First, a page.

There are numerous short stories on cats available that any cat lover might love. We’re convinced you’ll discover at least one short tale regarding cats below that you’ll love to read, ranging from children’s novels to poetry and everything in between.
1. ‘Good-bye to All Cats,’ by P. G. Wodehouse. Wodehouse (1881-1975) was a genius of comical literature, and Weekend Wodehouse, the most significant beginning to Wodehouse’s superbly funny prose, includes this legendary tale from 1934, a gloriously humorous work about Freddie Widgeon’s visit at a farmhouse gone wrong because of cats.
2. ‘The Garden of Stubborn Cats,’ by Italo Calvino. This charming tale has to do with a lady who resides alone, apart from maybe her cats. In this short tale about cats, one lawyer discovers that she is a cat lady.
3. ‘The Black Cat,’ by Edgar Allan Poe. ‘The Black Cat,’ one of Poe’s most chilling tales, features two black cats, one of whom may be a ghostly reincarnation of the first. The story of how an unstable narrator’s rising irritability drove him to injure his black pet cat, with disastrous consequences for everyone, is told by an unstable narrator (not least the cat). To say anything else would be to risk revealing spoilers.
4. ‘Puss in Boots,’ Angela Carter. This is a well-known tale from the 1600s that almost all people are familiar with. Angela Carter’s Puss In Boots is a fantastic tale about cats to read!
5. H.P. Lovecraft’s The Cats of Ulthar. An elderly couple in the town of Ulthar enjoys killing any cats that wander onto their land. The villagers are terrified of them and avoid them, but when a cat belonging to a party of travelers goes missing, they intervene.
6. Saki Jocantha Bessbury’s The Philanthropist and the Happy Cat depicts a happy and cheerful lady. She believes that only her cat, Attab, is more comfortable than she is. Jocantha decides to buy theatrical tickets and give them away to a store girl who couldn’t afford them on her own because she wants to spread joy. In the meantime, the cat continues about his business.
7. ‘The Cat-hood of Maurice,’ by E. Nesbit. After mistreating a cat, a young boy transforms into a cat. This is a story written about a cat, so it had to be included in this collection. This story can be found in Nesbit’s compilation The Magic World.
8. ‘The Cat Who Walked by Himself,’ by Rudyard Kipling. This 1902 short story about cats includes a cat with a strong sense of independence. The cat will not be tamed, and you will love reading about this intrepid feline!
9. ‘The Brazilian Cat,’ by Sir Arthur Conan Doyle. Picture being confined in a cage with a colossal jaguar, which you are confident would develop a voracious appetite for you pretty soon. This is the setting for the gifted writer and author of Sherlock Holmes’s nail-biting story. The tale is one of many favorites featured in the inexpensive Tales of Unease anthology (Tales of Mystery & The Supernatural).
10. ‘Space-Time for Springers,’ by Fritz Leiber. Leiber, a pioneering SF and fantasy novelist from 1910 to 1992, was a cat person. He adored them and included them in several of his short writings. Gummitch, a tremendously intelligent “super kitten” with an IQ of 160 and enormous goals, is the protagonist of this classic cat fable.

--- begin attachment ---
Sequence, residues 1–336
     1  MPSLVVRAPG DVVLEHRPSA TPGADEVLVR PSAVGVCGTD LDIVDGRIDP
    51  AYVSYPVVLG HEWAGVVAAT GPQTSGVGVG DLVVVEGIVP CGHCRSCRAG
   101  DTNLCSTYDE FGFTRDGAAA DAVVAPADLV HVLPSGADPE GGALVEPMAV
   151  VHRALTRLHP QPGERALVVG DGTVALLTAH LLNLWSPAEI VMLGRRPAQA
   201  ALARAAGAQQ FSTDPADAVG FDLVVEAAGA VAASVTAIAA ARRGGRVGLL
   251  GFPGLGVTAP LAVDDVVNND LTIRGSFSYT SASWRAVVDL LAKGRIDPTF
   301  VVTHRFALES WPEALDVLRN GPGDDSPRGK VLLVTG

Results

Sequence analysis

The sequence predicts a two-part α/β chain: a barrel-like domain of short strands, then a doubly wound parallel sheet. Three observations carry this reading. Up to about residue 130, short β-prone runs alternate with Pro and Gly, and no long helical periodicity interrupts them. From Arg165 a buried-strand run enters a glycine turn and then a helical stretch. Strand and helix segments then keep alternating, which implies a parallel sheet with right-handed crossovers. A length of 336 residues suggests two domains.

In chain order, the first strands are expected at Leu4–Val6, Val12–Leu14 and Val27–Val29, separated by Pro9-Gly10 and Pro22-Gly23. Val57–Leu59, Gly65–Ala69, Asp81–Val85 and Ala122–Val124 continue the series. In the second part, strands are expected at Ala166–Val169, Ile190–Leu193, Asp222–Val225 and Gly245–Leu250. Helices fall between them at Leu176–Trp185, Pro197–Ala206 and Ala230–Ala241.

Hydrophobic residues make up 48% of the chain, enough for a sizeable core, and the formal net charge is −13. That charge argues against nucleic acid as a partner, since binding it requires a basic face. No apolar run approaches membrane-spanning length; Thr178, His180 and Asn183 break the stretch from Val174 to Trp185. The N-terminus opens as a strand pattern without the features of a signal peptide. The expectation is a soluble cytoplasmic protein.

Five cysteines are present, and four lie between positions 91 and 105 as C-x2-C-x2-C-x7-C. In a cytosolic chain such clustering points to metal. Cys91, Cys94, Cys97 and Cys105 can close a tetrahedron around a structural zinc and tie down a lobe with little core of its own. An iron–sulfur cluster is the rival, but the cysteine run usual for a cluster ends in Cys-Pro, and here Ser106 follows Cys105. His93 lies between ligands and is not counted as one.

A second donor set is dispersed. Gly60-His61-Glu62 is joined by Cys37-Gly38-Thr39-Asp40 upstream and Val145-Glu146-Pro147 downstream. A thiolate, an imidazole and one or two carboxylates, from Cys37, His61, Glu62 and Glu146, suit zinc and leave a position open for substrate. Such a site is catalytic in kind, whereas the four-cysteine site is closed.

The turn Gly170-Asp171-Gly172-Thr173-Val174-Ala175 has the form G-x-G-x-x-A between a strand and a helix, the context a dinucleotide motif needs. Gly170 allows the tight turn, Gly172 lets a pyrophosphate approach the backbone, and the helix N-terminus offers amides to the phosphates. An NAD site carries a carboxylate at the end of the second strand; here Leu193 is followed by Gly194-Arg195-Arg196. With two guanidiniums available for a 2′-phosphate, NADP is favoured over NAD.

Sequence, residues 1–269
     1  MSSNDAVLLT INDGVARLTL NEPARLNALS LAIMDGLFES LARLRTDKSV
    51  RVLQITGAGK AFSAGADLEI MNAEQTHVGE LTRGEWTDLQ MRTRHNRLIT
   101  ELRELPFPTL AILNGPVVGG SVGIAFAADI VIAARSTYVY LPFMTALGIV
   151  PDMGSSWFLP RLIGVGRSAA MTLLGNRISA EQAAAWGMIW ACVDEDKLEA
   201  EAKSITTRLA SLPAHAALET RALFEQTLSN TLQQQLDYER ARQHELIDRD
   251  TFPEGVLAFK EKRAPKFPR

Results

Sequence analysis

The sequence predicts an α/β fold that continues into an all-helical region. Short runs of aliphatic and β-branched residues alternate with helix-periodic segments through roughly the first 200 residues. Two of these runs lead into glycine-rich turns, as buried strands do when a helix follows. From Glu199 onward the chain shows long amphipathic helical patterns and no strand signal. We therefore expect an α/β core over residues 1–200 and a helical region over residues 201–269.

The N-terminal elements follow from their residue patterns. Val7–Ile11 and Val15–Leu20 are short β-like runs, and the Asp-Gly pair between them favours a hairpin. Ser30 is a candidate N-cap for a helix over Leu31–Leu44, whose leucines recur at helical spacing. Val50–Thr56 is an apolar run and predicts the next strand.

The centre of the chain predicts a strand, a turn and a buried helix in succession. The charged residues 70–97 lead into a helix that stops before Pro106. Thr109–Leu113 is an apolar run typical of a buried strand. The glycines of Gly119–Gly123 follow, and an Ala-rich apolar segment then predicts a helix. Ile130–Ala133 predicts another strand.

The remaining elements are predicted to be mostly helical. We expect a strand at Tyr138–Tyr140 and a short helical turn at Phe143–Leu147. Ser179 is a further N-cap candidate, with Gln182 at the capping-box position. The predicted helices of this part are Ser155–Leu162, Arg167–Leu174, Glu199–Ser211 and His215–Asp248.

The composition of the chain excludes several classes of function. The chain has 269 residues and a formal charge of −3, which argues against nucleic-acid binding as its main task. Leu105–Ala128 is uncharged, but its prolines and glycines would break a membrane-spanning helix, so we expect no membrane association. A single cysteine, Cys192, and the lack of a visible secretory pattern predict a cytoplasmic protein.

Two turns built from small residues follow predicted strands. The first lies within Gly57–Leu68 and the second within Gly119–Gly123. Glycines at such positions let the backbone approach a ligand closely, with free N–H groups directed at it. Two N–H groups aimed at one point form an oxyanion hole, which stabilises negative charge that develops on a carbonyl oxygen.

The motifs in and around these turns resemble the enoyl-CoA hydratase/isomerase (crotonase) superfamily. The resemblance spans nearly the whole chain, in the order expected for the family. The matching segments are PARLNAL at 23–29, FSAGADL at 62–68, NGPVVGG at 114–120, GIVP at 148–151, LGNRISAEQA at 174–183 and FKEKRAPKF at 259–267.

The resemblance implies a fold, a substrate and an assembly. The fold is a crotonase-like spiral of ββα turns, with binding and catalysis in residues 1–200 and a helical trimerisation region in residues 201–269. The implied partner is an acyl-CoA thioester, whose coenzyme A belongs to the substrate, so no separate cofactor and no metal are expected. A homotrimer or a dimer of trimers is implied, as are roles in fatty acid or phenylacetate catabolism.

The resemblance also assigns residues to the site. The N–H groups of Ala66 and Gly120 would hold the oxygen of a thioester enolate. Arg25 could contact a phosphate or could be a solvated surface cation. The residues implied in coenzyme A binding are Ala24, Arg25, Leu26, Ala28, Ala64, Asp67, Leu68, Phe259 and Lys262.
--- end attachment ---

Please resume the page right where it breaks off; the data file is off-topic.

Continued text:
Have you ever considered that your cat is sitting there thinking about how much brighter it is than you and how it might rule the world if it could only talk? This is a tale that will blend well with you.
11. Laura E. Richards’ Patient Cat. A spotted cat discovers an empty nest. It chooses to wait and observe it for a time. There are two eggs in it the following week. They’re good, but they’d be even better if they were female.
12. Stephen King’s The Cat from Hell. Halston, a hitman, meets with an older adult in a wheelchair who appears to be unwell. The man acquired his name from a trustworthy intermediary. He has a subject he needs to get rid of. Surprisingly, the target is also present in the room.
13. Ernest Hemingway’s Cat in the Rain. In Italy, an American couple is on vacation. The wife notices a cat crouched under a table when she looks out the window during the rain. She wants to go down and bring it in because it’s raining outside.
14. ‘Schrödinger’s Cat,’ by Ursula Le Guin’. Schrödinger’s Cat,’ by one of science fiction and fantasy’s most highly regarded writers, is a peculiar and at times frustrating story – postmodern in several ways – that deals with that which engrossed Joseph Conrad: the fact of our beliefs about the universe, and the connection in both language or stories and ‘the real.’
The story is named after the classic hypothetical example aimed to illustrate theoretical physics – the cat in the box may be dead or alive, and you must act as if it is both dead and live before you open the box – and, indeed, the narrative climaxes with such a supposition about an actual cat in a box.
15. Anton Chekhov’s Incident. Two children are sleepy and uninterested one day until they learn that the cat has kittens. The children’s attention is drawn to the kittens, and they lose interest in their regular activities. The rest of the family is unconcerned about it.
16. Roald Dahl’s Edward the Conqueror. A woman saves a stray cat who seems to enjoy the piano music she is playing. She eventually believes the cat is the reincarnation of a well-known artist.
17. Banjo Paterson | The Cat. The narrator describes the personality of cats and how they find happiness in life. He compares and contrasts the behavior of a tame and a wild cat.
18. Saki | Tobermory. An attendee at a country house party claims to be able to teach animals to speak. As proof, he introduces Tobermory, the host’s cat, who continues to humiliate the guests by exposing details of private discussions.